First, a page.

Know before you go
Parking informationCar parking available
Footpath through the reserve or views available from the public footpath on top of the sea bank
Footpaths are accessible for wheelchairs, may be slippery/muddy in wet conditions
When to visit
Opening timesOpen at all times
Best time to visitApril to August
About the reserve
The long narrow stretch of the reserve is entirely man-made, mostly as a result of soil extraction when the sea bank was raised in 1981. The woodland adjacent to the car park used to be a refuse tip, this was planted with a variety of broadleaf trees over a 10 year period. This area covers six hectares (15 acres). Upstream (west) of this area are two large lagoons with islands, and adjacent to the river are shallow tidal scrapes. Beyond this is an area of saltmarsh and creeks. This whole area totals 14 hectares (35 acres). Beyond that are some 16 hectares (40 acres) of saltmarsh.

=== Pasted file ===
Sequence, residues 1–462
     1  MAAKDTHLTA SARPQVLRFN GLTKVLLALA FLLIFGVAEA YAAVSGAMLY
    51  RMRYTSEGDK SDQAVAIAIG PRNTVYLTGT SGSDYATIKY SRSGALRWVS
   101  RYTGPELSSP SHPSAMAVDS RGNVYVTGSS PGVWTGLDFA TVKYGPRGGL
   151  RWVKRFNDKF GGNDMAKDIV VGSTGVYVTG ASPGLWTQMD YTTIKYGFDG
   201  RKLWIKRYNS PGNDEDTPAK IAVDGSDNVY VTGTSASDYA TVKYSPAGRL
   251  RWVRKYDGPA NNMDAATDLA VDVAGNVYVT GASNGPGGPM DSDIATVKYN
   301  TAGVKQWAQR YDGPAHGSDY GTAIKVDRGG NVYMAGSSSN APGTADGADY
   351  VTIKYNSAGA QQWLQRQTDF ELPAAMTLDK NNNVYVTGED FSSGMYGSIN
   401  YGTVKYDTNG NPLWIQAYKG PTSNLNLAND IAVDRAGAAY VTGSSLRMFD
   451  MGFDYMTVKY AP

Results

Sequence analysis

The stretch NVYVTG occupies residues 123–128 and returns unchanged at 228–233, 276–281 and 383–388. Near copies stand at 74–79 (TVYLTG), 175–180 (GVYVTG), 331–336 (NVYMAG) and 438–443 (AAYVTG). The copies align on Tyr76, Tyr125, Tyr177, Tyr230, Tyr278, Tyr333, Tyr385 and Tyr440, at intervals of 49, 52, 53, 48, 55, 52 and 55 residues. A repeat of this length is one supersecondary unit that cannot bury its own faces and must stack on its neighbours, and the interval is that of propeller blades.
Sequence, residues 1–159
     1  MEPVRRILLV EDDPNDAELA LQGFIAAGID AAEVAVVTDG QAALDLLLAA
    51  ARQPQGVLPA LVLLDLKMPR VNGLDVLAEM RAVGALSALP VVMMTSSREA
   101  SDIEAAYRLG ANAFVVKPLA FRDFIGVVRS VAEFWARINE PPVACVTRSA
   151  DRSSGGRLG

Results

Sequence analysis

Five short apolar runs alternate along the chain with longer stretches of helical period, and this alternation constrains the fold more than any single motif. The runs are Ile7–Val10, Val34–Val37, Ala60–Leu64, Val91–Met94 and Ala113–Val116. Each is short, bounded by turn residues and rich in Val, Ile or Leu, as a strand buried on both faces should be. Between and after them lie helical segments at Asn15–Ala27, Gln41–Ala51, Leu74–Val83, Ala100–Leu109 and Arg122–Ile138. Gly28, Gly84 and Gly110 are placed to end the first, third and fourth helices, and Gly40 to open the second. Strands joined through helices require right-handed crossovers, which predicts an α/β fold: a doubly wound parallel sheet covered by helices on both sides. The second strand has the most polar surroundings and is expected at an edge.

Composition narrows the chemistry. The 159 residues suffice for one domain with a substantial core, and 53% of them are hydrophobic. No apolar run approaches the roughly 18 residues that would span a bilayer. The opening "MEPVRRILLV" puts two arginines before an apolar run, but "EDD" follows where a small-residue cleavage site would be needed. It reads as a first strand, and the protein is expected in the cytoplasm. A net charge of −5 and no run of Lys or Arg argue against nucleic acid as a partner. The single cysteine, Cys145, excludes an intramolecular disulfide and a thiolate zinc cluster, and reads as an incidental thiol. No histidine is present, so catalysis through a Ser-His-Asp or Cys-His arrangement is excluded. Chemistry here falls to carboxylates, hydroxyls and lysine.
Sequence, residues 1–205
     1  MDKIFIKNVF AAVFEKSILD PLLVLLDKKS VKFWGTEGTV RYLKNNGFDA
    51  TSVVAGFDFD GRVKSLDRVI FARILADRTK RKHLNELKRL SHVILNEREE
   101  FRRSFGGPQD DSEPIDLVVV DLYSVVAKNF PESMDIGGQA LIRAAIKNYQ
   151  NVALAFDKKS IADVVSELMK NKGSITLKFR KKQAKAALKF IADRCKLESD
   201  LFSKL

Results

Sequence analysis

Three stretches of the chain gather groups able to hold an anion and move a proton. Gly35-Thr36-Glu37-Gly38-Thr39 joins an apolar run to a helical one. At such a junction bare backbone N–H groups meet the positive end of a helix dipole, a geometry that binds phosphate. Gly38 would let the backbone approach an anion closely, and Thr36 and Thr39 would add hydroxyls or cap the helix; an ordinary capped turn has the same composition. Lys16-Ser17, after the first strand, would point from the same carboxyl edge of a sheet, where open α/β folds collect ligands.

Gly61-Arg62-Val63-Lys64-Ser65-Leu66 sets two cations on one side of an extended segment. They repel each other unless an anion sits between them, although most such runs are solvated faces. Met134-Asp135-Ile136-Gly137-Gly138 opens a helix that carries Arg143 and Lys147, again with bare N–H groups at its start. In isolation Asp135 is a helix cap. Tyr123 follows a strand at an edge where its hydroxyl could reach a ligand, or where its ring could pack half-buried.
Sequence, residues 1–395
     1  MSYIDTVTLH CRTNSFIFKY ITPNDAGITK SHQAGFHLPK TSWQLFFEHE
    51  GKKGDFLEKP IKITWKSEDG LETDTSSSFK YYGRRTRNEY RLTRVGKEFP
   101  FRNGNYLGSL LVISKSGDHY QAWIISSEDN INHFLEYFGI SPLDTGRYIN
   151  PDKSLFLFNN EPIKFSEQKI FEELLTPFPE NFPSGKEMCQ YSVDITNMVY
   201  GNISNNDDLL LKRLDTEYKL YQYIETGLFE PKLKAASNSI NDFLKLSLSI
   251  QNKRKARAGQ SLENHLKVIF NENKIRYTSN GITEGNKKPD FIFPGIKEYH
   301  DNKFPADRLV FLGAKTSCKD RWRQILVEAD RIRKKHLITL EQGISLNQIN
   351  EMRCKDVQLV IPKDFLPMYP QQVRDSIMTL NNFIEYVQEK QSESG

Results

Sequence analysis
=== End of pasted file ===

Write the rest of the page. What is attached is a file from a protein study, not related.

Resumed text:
The maturing woodland now holds a good population of tits and finches, while the scrub areas are habitat for whitethroats and buntings. The lagoons are an important wintering area for little grebe and water rail in winter. Redshank and little egret are regularly seen on the scrapes. The flood protection bank alongside the reserve has a variety of wildflowers, including pyramidal orchid, and attracts butterflies and other insects. Strawberry clover and sea-milkwort occur on the reserve.
The water levels in the lagoons and scrapes are controlled by a valve and pipe system. These saline lagoons are a scarce habitat despite having only a few species which are nationally rare. The lagoons can only be viewed from the flood protection bank for safety reasons.
Nearest postcode PE12 6LL. Please note - postcodes are for the nearest registered address as we are unable to get postcodes for nature reserves.